November 18, 2017

FDA Describes Papayas to Avoid in Deadly Salmonella Outbreak

The FDA has updated their investigation into the deadly multistate Salmonella outbreak that is linked to imported Maradol papayas from the Carica de Campeche farm located in Campeche, Mexico. Officials are telling consumers to avoid Caribeña, Cavi and Valery brands of Maradol papayas from that farm.

Maradol papayas

The Cavi brand papayas have been distributed by Agroson’s, the Caribeña brand distributed by Grande Produce, and Valery brand papayas have been distributed by Freshtex Produce LLC. Carica de Campeche farm has been added to the agency’s Import Alerts after testing found multiple strains of Salmonella on the fruit.

There are at least 173 people sickened in this outbreak, 58 hospitalizations, and one death in 21 states. And there are four strains of Salmonella found in isolates taken from ill persons.

The papayas can be identified by their stickers and markings on those sticker. Caribeña brand papayas were distributed between July 10 and 19, 2017. They have a red, green, and yellow sticker.

Ryan Osterholm

Attorney Ryan Osterholm said, “Some people can develop lifelong health problems after a Salmonella infection.” You can contact Ryan at 1-888-377-8900.

Cavi papayas were distributed to wholesalers in New York, Connecticut and New Jersey from July 16 to the 19, 2017  and available to consumers until July 31. The Cavi brand has a purple, green, and black sticker with the words “cavi MEXICO 4395” in white. Only some lot codes of Cavi papayas were recalled that were known to come from Carica de Campeche. Boxes that wholesalers receive are stamped with CARICA DE CAMPECHE on the upper left side of the box. Other Cavi papayas, sourced from other farms, are not being recalled.

Valery brand papayas were distributed from July 10 to the 13, 2017. These Maradol papayas have a red, yellow, and green stick with “Valery” in yellow letters.

If you have purchased any of these specific papayas, do not eat them. Throw them away in a sealed package or double bagged container, or take them back to the store where you bought them for a full refund.

Papayas from Mexico have been screened at the border for Salmonella since 2011. Shipments have not been allowed without documentation of testing, showing that the food tests negative for Salmonella. The FDA is working with Mexican food safety authorities about this investigation and FDA’s regulations on the implicated Mexican firms.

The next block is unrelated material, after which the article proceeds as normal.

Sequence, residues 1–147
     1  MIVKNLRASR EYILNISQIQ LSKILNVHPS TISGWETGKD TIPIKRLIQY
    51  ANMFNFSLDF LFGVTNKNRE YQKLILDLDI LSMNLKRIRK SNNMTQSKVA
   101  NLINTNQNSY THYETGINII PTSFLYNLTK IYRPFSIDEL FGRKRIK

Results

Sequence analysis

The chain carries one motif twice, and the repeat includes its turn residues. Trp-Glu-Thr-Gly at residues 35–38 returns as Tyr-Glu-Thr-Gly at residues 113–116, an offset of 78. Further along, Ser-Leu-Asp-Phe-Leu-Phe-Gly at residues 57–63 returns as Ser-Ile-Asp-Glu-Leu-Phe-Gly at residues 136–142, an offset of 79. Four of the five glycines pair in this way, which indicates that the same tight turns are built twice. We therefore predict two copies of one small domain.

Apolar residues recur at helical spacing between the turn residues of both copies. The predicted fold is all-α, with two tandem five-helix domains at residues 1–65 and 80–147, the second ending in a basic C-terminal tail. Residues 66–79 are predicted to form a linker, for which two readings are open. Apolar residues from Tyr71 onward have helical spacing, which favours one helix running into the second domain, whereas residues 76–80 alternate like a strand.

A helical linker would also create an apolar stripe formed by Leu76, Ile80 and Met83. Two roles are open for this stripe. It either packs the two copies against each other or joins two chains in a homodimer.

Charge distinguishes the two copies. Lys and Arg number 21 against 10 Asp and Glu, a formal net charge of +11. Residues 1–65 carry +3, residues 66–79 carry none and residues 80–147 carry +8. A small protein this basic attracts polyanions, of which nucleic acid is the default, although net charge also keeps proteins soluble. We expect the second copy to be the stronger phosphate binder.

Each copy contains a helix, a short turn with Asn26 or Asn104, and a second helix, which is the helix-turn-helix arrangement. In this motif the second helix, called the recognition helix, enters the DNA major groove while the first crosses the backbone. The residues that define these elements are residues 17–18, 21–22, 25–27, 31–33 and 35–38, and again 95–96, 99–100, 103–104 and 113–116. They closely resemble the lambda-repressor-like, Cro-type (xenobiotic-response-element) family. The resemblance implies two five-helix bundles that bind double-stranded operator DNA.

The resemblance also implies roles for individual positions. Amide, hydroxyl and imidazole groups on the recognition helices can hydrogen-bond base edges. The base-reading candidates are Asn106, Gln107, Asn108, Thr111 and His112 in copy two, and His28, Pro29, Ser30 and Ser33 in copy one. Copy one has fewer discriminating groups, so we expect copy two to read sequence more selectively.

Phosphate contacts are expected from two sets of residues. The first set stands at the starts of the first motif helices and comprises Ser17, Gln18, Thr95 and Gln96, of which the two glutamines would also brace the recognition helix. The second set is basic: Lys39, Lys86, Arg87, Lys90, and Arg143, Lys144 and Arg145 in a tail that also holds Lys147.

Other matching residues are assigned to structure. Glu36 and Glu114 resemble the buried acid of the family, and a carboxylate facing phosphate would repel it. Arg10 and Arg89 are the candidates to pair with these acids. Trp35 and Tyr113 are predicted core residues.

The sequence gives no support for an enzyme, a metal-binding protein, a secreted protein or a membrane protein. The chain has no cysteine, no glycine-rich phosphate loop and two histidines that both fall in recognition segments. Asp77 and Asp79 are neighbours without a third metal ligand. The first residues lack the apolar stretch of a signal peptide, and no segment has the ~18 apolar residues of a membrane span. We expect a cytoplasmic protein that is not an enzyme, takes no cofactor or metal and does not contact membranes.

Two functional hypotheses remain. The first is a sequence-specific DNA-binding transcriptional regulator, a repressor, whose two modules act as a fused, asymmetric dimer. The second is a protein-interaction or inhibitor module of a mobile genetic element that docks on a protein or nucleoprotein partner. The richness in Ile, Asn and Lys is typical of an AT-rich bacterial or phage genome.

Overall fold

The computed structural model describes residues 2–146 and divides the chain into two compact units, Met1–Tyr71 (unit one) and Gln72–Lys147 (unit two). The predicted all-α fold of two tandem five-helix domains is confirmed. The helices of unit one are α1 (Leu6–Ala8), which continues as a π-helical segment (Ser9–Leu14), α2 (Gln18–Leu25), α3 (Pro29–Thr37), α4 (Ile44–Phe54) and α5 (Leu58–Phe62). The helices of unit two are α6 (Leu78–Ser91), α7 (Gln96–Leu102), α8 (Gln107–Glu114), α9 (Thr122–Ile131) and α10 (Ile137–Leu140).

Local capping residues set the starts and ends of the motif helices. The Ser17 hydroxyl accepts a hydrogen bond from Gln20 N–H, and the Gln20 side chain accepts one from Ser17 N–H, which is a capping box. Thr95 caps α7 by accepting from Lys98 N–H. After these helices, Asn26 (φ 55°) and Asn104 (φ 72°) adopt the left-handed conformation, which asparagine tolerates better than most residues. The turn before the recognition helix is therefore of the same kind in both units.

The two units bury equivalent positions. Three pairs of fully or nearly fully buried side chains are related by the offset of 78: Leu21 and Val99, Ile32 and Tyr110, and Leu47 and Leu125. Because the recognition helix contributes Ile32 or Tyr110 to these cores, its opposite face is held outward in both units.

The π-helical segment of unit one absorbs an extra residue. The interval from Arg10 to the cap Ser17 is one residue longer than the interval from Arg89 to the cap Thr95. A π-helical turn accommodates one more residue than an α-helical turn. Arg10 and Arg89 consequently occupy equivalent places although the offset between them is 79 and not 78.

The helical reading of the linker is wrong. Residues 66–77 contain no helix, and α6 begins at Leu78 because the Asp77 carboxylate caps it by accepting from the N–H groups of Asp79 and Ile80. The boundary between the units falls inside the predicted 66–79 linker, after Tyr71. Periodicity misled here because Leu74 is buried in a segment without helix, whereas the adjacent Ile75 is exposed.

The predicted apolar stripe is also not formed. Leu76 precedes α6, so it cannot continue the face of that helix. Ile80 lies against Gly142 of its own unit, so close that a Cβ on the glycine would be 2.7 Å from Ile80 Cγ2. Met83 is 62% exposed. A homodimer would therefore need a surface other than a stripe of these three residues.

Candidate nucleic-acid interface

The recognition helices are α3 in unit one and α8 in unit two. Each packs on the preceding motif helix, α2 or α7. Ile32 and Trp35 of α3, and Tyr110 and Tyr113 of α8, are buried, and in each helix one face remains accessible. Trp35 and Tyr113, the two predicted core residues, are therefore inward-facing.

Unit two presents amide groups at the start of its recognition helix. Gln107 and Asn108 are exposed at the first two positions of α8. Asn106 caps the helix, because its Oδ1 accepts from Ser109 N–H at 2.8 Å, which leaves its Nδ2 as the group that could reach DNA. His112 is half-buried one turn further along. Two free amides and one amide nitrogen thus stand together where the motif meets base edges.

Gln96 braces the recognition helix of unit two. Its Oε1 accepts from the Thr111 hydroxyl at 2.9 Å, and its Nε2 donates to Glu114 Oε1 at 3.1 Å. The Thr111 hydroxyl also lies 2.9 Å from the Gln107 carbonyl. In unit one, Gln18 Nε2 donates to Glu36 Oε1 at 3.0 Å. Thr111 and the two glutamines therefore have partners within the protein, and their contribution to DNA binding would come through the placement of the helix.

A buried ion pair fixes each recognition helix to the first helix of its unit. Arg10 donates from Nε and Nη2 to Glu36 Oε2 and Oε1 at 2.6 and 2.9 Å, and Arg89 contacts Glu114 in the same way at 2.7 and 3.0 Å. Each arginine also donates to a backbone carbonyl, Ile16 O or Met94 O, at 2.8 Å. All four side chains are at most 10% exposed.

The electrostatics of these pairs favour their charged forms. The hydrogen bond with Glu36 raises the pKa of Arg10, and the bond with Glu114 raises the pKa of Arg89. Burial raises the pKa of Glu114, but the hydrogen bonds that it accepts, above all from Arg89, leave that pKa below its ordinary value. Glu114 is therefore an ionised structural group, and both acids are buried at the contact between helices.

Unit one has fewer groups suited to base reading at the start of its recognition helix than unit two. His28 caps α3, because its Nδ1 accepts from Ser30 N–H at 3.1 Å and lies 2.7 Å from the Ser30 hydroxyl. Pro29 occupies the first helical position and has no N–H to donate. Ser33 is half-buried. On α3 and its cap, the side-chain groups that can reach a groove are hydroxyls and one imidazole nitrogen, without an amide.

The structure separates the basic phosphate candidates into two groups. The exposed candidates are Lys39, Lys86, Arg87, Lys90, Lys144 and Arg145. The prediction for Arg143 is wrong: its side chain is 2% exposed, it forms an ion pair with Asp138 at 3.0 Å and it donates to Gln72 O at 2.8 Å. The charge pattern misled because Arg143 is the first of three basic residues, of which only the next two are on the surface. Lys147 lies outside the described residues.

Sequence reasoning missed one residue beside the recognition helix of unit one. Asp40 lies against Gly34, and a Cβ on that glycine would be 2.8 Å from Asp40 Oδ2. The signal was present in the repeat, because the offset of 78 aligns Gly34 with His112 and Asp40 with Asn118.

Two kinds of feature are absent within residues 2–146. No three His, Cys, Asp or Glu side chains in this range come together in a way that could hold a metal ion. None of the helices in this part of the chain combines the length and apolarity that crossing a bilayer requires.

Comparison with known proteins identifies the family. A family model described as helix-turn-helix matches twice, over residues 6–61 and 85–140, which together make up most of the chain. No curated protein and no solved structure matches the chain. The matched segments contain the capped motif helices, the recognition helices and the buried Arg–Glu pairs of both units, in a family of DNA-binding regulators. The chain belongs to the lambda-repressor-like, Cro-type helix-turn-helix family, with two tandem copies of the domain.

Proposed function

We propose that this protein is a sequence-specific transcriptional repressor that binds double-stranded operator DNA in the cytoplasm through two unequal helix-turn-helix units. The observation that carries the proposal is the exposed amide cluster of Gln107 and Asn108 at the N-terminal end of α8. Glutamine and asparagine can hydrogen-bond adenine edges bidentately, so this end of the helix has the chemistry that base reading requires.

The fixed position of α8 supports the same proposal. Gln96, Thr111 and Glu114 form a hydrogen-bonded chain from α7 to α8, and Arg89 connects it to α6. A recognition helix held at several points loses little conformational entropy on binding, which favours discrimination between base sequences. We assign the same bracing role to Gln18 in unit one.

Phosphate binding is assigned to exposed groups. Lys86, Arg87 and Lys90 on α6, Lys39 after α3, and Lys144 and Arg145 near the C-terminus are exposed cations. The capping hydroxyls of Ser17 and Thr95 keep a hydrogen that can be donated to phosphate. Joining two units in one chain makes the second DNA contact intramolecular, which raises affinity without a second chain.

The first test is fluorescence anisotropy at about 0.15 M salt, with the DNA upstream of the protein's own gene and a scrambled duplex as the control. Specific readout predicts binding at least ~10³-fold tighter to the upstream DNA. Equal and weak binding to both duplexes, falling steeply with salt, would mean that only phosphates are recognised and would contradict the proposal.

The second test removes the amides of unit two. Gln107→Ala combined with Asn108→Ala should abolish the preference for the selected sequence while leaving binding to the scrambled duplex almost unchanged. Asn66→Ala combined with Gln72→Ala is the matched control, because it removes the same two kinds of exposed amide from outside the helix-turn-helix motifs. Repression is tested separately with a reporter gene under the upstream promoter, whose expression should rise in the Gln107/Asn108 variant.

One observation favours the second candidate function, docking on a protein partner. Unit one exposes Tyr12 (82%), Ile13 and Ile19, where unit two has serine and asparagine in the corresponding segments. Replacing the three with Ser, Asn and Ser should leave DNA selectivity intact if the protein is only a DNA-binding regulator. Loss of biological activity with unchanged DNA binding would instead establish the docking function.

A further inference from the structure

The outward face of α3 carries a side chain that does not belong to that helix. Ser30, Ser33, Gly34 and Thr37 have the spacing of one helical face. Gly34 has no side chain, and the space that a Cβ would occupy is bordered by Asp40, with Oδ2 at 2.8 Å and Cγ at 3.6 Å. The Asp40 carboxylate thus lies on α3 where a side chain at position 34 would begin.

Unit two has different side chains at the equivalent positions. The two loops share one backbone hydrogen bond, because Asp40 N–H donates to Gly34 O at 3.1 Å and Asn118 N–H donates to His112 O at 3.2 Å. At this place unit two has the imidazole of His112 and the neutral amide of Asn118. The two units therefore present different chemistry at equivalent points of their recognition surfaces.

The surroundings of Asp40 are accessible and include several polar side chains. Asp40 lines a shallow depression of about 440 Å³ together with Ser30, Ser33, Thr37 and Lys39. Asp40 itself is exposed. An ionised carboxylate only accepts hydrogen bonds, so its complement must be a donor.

The symptoms of a Salmonella infection include diarrhea, fever, abdominal cramps, and vomiting about 12 to 72 hours after infection. While most people recover on their own, some do become so ill they need to be hospitalized. The hospitalization rate in this outbreak is almost double the average for most Salmonella outbreaks. Officials have not stated why this is happening. It could be that the bacteria are quite virulent, or it could be that the pathogens are resistant to antibiotics.

Bad Bug Law Team | Pritzker Law Firm

If you or a loved one contracted a Salmonella infection after eating imported Maradol papayas, contact the lawyers from our experienced legal team for help at 1-888-377-8900.

The law firm of Pritzker Hageman helps people sickened by contaminated food such as contaminated produce protect their legal rights, and get justice and compensation. Our experienced attorneys represent patients and their families who have been sickened with bacterial infections in personal injury and wrongful death lawsuits against growers, retailers, food producers, food processors, restaurants, schools, and others. Attorney Fred Pritzker recently won $7.5 million for young client whose kidneys failed because of hemolytic uremic syndrome after an E. coli infection. Class action lawsuits may not be appropriate for outbreak victims because the cases are unique.

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